5.4 Obtaining a Planar Embedding

Here we exhibit a way to identify the edges in each face of the given -connected graph. Fact 2 then gives a way of effectively checking if the graph is plnar.

At the heart of the proof is a change of basis in the cycle space over Somewhat msurprisingly the solution to the equations obtained in the previous section tell us which faces sum up (over ) to give a particular fundamental cycle. Notice that we have only an “implicit” representation of the faces (see below) and while we are seeking for an explicit representation in terms of which edges constitute a face. Since fundamental cycles and internal faces both form a basis of the cycle space over , we just need to invert the matrix that expresses the fundamental cycles as a linear combination of faces. Though seemingly this would place the problem in L we give an explicit way to perform this inversion which yields a L upper bound.

Returning to the “implicit” representation of faces, there is a natural bijection between non-tree edges and faces viz. one that maps a non-tree edge to that face adjacent to which lies inside the fundamental cycle (w.r.t. the external face ). With faces labeled in this way, the solution of the preceding section tells us which faces are contained within the fundamental cycle .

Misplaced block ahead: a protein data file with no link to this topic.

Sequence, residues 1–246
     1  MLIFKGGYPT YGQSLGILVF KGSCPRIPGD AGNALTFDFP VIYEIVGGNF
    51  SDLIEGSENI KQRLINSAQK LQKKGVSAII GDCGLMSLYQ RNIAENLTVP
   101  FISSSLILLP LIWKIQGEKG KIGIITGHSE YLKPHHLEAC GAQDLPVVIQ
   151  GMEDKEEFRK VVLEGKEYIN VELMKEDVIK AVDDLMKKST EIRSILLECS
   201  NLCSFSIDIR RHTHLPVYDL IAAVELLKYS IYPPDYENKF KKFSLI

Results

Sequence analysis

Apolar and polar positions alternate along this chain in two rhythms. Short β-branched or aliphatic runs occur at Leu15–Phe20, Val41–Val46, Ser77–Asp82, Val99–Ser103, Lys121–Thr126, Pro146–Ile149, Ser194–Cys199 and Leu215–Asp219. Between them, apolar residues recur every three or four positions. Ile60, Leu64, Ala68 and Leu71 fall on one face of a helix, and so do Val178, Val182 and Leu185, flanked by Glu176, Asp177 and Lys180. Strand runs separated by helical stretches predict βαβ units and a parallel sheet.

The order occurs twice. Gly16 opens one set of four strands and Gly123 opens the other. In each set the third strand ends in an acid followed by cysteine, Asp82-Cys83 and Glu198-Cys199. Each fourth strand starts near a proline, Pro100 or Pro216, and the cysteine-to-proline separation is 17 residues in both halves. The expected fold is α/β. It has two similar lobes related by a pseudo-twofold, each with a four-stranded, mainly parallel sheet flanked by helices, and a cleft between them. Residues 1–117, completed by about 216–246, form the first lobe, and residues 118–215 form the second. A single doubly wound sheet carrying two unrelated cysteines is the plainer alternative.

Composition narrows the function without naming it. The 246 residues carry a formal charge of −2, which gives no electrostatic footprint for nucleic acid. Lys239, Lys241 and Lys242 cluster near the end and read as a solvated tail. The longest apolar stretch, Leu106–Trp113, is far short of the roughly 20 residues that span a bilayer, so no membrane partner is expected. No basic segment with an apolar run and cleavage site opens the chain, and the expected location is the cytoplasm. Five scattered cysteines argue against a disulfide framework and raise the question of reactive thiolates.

Let us start by fixing some notation. For distinct non-tree edges , define iff in a -coloring of the conflict graph , the colors of the vertices corresponding to bridges containing get different colors. Intuitively, this means that (if is planar) separates from in the unique planar embedding of .

For each , let denote:

Further, let denote

Notice that for sets the set denotes the symmetric difference of the two sets and the notation above refers to an iteration of this operation.

If the graph is -connected planar then in its unique planar embedding with as the external face, consists of the set of non-tree edges that are enclosed by but not by any which is also enclosed by . Intuitively, it clear that these are exactly the non-tree edges occurring on the face (see description in the preceding paragraph). We will make this intuition precise and in fact, show the following:

Lemma 4

For each non-tree edge , the face consists exactly of the edges in the set .